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A Mother’s Story

By David Yamaguchi
The North American Post

In mid-April, I introduced a friend to high-school friend Carolyn Yasui at an informal gathering. A few minutes later I was thunderstruck to hear Carolyn relating her life story, which I had never heard, nor even thought to ask. For to me, she had always been “just Carolyn.”

Carolyn today is gracious, polite, always upbeat, and always smiling. Everyone likes her.
Carolyn is an exercise nut. For example, that day she had logged over 19,000 steps through going to her exercise class, then on a walk, then to dance class.

So far as I know, Carolyn has always been happy. In school, I would guess that teachers wrote of her, “Carolyn is a pleasure to have in class.”

Carolyn explained that she had grown up as the eldest of four, and that her father had died when she was seven, leaving her mother to raise her and three younger brothers, the youngest who was one.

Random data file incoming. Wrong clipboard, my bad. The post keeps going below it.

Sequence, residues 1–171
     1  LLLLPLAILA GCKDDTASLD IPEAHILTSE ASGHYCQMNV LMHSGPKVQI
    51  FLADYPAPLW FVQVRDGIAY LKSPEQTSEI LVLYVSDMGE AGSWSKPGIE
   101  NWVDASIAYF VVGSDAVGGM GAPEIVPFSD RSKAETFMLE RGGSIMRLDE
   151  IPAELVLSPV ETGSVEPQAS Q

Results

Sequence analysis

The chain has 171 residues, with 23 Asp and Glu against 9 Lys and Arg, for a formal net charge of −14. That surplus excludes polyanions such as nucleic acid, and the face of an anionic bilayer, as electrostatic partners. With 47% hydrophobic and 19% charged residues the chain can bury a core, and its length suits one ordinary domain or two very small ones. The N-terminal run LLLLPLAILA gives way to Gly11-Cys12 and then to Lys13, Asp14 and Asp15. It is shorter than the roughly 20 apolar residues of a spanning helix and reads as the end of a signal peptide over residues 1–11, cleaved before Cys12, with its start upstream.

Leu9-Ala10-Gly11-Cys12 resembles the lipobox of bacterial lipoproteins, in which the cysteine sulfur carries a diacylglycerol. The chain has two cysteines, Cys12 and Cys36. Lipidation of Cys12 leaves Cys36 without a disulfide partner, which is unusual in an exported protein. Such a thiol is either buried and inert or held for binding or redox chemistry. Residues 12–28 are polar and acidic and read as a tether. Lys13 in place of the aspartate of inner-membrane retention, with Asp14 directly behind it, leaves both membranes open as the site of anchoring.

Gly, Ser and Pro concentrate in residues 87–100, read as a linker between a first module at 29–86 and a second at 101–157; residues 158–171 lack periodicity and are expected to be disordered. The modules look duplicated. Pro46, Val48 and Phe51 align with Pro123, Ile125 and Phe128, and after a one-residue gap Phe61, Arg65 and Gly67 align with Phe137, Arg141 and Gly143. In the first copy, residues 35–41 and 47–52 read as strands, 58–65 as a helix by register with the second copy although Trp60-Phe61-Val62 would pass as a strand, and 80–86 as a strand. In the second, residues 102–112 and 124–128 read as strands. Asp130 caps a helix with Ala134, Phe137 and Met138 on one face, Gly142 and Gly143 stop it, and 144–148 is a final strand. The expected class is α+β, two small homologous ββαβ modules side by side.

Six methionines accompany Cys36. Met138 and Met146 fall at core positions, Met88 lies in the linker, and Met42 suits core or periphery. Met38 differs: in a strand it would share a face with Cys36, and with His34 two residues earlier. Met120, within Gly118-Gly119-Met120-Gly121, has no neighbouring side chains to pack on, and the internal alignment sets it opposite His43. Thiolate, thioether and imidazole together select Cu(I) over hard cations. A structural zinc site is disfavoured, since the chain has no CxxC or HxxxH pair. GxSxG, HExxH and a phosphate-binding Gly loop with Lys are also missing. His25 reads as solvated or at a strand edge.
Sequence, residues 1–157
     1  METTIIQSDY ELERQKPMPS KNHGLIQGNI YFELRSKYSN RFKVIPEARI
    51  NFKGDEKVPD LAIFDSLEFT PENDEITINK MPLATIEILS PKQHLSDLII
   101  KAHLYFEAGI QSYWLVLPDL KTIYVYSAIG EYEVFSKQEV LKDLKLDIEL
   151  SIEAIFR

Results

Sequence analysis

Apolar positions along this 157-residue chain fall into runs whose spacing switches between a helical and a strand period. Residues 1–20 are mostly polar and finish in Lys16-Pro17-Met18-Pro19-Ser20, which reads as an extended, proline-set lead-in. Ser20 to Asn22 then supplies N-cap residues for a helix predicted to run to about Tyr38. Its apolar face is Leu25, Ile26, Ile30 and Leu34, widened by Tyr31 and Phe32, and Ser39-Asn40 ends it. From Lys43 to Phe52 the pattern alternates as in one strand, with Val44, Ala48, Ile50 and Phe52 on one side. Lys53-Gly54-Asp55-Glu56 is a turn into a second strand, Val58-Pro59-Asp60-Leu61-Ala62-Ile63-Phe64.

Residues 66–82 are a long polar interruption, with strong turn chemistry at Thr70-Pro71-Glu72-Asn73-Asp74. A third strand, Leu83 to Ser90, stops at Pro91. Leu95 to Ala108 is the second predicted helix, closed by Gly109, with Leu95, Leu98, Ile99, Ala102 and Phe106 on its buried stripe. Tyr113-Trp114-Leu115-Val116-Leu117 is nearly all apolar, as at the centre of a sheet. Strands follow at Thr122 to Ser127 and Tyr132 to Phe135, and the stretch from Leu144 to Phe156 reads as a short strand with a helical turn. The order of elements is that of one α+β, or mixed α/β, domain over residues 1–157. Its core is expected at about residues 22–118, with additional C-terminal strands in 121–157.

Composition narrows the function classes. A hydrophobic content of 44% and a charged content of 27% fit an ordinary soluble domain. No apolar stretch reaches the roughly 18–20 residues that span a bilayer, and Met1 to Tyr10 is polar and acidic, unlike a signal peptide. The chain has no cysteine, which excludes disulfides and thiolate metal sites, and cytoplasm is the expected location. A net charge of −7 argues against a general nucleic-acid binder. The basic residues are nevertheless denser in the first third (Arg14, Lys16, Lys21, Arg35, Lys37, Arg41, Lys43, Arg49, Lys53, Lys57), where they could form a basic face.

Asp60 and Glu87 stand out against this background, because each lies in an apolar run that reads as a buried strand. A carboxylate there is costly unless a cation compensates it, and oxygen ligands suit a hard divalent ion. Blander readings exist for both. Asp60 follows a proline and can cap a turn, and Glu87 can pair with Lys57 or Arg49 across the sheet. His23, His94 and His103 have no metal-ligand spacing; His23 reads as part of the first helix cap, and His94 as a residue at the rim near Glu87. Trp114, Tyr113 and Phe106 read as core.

“We didn’t go to Disneyland in the summer,” she tossed off with a smile.

Wow! So for this week’s column, I had to follow up. What was her mother’s story?

According to Carolyn, her mother, Julie Mayeda, raised her and her three brothers (Scott 5, Stan 3, Eddie 1) after her dad, Fred Mayeda, passed in 1964 of leukemia at age 34. To raise her children, Mrs. Mayeda worked for most of her life as a bookkeeper at Mutual Fish.

“Quite the supermom,” writes Carolyn. “We all lived our lives on Beacon Hill on Juneau Street [in a house] that my parents bought thinking [it] was their starter home.
“Mom will be 90 years old in July of this year, 2016.”

On her own role as eldest daughter, Carolyn adds in her funny way that she “learned… to make a mean TV Dinner & Banquet Chicken at a young age.”

To all the Moms—and surrogate moms—out there, Happy Mother’s Day!